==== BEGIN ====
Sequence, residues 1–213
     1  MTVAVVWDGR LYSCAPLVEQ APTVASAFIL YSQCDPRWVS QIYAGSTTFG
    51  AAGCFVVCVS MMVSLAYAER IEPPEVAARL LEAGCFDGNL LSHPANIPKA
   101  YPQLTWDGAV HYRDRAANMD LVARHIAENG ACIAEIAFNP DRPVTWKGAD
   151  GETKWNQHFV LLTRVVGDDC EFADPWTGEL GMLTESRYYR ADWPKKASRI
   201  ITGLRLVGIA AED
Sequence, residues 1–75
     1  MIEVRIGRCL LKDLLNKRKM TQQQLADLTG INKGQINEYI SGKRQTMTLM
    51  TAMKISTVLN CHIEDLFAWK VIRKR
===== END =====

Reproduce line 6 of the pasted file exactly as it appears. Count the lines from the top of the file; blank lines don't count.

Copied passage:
   201  ITGLRLVGIA AED